Arunachal Pradesh has ALWAYS been part of India

China has long coveted Arunachal Pradesh, which it calls Southern Tibet.
But, as Venkataraghavan Subha Srinivasan explains, in 1947, the present state of Arunachal Pradesh constituted the North East Frontier Tract of Assam.
When India adopted its Constitution on 26 January 1950, NEFT became ‘a separate politico-administrative entity’ although it was constitutionally still a part of Assam.
Its administration was brought directly under the President of India with the Governor of Assam acting as his agent.
A revealing excerpt from his book The Origin Story of India’s States.

ARUNACHAL PRADESH

Did You Know?

Until 1972, Arunachal Pradesh was known first as North East Frontier Tract (NEFT) and then as North-East Frontier Agency (NEFA).

1947-1954: North East Frontier Tract (NEFT)

In 1947, the present state of Arunachal Pradesh constituted the North East Frontier Tract (NEFT) of Assam. The entire region had been labelled as an ‘excluded area’ by the British, placed directly under the care of the Governor of Assam.

In 1945, the British Governor passed a regulation to officially recognise the traditional tribal village councils as the authorities to self-govern and administer justice in NEFT.

After Independence, the government of Assam took over the administration of NEFT. The Governor, Sir Muhammad Saleh Akbar Hydari, would now act on the advice of Chief Minister Gopinath Bordoloi of the Indian National Congress.

Internationally, NEFT shared three borders — with Bhutan, Myanmar (partially undefined), and the Tibet Autonomous Region of China (now known as the McMahon Line).

Internally, the region constituted numerous frontier tracts, which were further split into administrative units.

The western Balipara Frontier Tract contained two administrative units, Sela and Subansiri.

The northern Sadiya Frontier Tract was split into two districts in 1948, Abor Hills and Mishmi Hills. To its south lay the Lakhimpur Frontier Tract and furthest east lay the Tirap Frontier Tract.

The Constituent Assembly of India set up a subcommittee — headed by Gopinath Bordoloi, the Premier of Assam — to study the ‘excluded and partially excluded areas’ that were outside of direct purview by the British.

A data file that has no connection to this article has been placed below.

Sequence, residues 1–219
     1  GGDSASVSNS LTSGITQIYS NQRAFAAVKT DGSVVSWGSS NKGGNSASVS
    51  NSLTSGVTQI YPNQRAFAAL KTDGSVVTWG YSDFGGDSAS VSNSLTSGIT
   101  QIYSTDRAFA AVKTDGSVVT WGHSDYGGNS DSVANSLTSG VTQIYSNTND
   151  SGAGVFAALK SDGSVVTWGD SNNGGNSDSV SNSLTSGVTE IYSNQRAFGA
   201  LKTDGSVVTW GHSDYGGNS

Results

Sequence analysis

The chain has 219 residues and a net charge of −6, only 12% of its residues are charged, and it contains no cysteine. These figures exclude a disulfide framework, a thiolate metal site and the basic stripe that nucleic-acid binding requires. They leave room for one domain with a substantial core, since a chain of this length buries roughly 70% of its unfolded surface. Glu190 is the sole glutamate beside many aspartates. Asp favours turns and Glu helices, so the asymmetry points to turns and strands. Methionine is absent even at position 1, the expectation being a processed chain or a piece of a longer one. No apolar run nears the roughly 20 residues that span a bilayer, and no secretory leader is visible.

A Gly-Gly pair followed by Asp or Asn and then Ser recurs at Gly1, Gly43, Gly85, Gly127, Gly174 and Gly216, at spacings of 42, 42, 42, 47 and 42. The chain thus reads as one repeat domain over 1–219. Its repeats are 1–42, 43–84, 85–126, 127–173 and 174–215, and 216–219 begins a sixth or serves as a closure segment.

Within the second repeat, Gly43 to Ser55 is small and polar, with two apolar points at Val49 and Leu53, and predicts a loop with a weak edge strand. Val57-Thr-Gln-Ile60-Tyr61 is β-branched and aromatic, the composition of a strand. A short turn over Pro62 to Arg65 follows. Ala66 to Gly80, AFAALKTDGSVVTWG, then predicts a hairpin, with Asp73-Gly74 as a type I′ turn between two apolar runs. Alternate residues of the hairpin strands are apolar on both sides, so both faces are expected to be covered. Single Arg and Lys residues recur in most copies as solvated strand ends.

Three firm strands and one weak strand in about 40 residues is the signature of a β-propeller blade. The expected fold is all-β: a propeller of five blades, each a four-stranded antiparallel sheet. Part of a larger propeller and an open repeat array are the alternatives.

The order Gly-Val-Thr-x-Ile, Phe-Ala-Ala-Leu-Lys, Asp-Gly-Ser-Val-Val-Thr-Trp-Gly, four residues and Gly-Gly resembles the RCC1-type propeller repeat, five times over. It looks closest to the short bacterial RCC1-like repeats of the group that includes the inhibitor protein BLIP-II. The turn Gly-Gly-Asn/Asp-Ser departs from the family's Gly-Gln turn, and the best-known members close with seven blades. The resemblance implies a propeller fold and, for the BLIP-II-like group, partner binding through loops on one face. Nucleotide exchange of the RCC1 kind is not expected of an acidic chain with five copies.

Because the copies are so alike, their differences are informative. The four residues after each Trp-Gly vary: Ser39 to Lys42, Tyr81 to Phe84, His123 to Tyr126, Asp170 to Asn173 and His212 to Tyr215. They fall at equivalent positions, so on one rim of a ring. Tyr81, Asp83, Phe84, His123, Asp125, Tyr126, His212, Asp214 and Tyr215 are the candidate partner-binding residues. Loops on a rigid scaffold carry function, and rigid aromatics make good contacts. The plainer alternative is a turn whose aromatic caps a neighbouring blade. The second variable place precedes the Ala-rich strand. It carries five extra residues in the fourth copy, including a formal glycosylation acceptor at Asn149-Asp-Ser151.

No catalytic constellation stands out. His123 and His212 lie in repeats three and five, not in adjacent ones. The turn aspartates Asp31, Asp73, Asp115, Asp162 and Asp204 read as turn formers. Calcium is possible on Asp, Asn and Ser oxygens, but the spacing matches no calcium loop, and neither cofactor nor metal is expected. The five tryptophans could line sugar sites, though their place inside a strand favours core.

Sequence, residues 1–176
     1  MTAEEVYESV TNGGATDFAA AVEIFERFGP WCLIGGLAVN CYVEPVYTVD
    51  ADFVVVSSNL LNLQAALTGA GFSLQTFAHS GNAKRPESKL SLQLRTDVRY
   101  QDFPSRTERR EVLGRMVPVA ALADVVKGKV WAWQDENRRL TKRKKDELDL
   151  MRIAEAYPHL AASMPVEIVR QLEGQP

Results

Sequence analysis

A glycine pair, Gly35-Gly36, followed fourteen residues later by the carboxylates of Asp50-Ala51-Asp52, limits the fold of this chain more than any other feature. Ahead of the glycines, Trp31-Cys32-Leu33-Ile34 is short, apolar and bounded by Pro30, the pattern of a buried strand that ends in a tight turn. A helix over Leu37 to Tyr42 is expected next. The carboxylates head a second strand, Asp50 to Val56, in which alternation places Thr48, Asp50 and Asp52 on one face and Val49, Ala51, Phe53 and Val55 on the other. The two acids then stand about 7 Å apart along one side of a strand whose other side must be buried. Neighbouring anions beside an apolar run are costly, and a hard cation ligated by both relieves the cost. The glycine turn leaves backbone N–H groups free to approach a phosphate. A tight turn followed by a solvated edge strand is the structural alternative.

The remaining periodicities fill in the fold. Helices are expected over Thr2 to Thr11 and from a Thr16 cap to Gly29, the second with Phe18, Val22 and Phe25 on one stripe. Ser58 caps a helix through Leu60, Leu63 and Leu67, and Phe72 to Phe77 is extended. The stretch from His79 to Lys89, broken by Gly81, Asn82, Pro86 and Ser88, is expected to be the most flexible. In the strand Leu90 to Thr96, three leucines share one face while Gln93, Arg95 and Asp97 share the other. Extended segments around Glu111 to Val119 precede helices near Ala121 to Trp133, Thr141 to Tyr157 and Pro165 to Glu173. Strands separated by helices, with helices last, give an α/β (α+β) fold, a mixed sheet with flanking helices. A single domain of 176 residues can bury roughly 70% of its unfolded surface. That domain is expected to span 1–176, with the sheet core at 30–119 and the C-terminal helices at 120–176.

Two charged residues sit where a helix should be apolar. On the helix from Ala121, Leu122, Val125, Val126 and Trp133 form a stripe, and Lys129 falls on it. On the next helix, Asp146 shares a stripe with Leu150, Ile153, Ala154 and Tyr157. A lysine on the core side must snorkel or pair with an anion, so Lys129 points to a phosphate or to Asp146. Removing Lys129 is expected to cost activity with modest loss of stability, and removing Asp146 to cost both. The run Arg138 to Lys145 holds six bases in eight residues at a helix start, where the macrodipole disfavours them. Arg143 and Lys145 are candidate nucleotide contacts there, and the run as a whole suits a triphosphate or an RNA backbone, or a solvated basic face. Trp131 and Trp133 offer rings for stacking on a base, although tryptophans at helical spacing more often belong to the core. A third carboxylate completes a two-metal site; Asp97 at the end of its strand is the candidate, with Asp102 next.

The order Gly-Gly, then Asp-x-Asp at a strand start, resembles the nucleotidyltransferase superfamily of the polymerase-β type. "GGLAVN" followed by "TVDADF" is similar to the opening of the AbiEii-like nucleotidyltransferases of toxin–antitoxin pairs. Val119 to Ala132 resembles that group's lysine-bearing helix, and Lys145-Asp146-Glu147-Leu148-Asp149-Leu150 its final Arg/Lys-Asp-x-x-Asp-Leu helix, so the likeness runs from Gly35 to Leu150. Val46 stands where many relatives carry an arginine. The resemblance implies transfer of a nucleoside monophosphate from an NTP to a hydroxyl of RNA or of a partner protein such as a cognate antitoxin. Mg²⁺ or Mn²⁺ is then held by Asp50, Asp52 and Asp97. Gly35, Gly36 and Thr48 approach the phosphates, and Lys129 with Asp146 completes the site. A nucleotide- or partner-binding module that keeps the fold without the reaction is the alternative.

The Bordoloi Committee recommended merging the Lakhimpur Frontier Tract and parts of the Tirap Frontier Tract with the regularly administered areas of Assam.

The reasoning was that these areas were not different in any way from the surrounding plains and possessed none of the characteristics of the hill areas.

Accordingly, these as well as other areas from the Balipara and Sadiya Frontier Tracts were transferred to the Assam plains and removed from the Sixth Schedule of the Indian Constitution. This brought the boundaries of the tracts ‘almost to the foot of the hills’.

When India adopted its Constitution on 26 January 1950, NEFT became ‘a separate politico-administrative entity’ although it was constitutionally still a part of Assam. Its administration was brought directly under the President of India with the Governor of Assam acting as his agent.

1954-71: NEFA and Democratic Decentralization

After Assam blocked a plan in 1953 to appoint a special commissioner to administer the area, a full-scale administration was inaugurated in 1954 with the North-East Frontier Areas (Administration) Regulation.

NEFT was renamed as North-East Frontier Agency (NEFA). It comprised the administrative units — called ‘frontier divisions’ — of the Balipara and Tirap Frontier Tracts, the Abor and Mishmi Hills Districts, and the Naga Tribal Area.

The western-most Balipara Frontier Tract was then split into two divisions — Kameng and Subansiri.

Going east from there, Abor Hills District was renamed as Siang and Mishmi Hills District as Lohit.

Going south from there, Tirap retained its name while the Naga Tribal Area was renamed as Tuensang.